A Year in Review 2013: the Second Half

July to the end of  December already is a memory and rapidly becoming a distant one at that.  Just five days into January and Christmas seems further back in the mind than it is in reality.  2014 has arrived and I am optimistically looking forward to all that it may bring.  Not that the last one was disappointing or sad in any way; just that with time flying by it is essential to make the most of every moment.  Of course, I’m very fortunate: I have my health, I have a great job, friends and family I can always rely upon and I live in a superb part of the English countryside.  Long may all those things last!

July:  The highlight of my year occurred this month.  An exciting and memorable launch of my first book to be published – a gardening book – Why Can’t My Garden Look Like That? took place in Chipping Norton’s award winning bookshop, Jaffe & Neale.  Would anyone turn up?  As it happened, very many did with people overflowing onto the street, the warm, sunny evening and the wine contributing to a street party feel to the occasion.  If you wish to find out more of the book or would like a signed copy you can find details here.

Many people are attracted to the magnificent looking but dangerous Giant Hogweed, also the subject of a post this month.  I was delighted when photographs from it were used in an educational video by the Hamilton County Soil and Water Conservation District (New York State).  Take heed of the messages if you come across the plant!

August: Travelling around the Cotswold Hills as I do every day in the course of my work you would think I would know most of what goes on there.  Nevertheless, I was surprised when I saw Tibetan flags fluttering in the breeze.  Further investigation found Alain Rouveure’s galleries and tea room.  Of course, I couldn’t leave until I’d tried out their lunch…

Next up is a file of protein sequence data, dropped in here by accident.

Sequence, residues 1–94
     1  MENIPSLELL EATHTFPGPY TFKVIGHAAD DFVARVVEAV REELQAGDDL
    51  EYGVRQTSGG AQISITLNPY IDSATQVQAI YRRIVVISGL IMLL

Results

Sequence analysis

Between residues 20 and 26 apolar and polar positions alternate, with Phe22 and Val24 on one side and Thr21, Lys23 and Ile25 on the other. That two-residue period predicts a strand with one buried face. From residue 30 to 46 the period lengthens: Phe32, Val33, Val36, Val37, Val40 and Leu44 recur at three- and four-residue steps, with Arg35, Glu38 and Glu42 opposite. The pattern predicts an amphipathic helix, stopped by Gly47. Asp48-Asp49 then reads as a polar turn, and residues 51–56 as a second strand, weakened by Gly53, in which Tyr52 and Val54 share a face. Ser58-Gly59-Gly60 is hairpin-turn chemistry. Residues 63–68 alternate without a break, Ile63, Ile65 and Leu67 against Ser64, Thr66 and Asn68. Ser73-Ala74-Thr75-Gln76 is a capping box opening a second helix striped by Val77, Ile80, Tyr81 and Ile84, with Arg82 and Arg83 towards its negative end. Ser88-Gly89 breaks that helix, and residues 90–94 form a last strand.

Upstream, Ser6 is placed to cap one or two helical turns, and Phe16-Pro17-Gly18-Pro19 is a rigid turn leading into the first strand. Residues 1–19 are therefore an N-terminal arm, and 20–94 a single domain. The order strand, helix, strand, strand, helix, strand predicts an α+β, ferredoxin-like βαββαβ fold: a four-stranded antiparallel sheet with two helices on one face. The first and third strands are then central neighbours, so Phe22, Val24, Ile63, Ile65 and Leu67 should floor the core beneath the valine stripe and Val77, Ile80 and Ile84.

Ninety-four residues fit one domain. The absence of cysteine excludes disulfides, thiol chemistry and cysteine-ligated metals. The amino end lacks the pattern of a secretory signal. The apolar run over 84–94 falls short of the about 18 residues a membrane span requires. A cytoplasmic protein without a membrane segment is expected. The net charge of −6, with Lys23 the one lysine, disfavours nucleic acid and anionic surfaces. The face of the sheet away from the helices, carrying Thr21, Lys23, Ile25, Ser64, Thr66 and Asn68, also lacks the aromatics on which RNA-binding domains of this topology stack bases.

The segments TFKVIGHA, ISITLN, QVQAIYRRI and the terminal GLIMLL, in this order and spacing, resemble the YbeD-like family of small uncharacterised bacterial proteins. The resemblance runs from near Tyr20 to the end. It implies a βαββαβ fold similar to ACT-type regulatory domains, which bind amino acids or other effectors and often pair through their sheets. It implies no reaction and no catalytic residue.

September:  Street fairs have been held for hundreds of years throughout England and Chipping Norton has an annual one that dates back to medieval charters.  Originally the time when livestock was sold and labour sought, these days they are purely held for pleasure.  Traffic has to be diverted around the town as the centre is blocked off by the rides and stalls.  Noisy, crowded and well lit they are great fun but I found  myself completely alone in darkness walking around it late one night.  It was an eerie experience, described here.

October:  The appearance of the secret valley was changed dramatically when the willow trees that line the banks of our little winding river were pollarded.  This dramatic ‘haircut’ is carried out only when necessary, the last time about fifteen years ago.  Suddenly, the view in the header of this blog has become wide open as every branch was removed leaving just the trunks standing.  The secret valley looks naked now but ‘new clothes’ will grow rapidly this coming spring.

November:  History isn’t just about learning dates of battles, the most interesting aspects are those that we can so easily relate to.  Yet so much of this is forgotten over time and it takes teams of dedicated people, often volunteers, to literally unearth it.  A now deserted and seemingly empty part of the Exmoor National Park was, one hundred and fifty years ago, teeming with people and was at the very forefront of Victorian technology.  It was quite extraordinary what these engineers achieved and their story featured in two posts which created much interest and comment.  They can be found by clicking here and here.

December:  The blogging year ended on a cuddly note – looking after two adorable but naughty beagle puppies.  If you are a dog lover there is nothing better than to be mauled by puppies.  If you’re not over-keen on dogs then you won’t understand the attraction!  You could try to find out, however, by clicking here.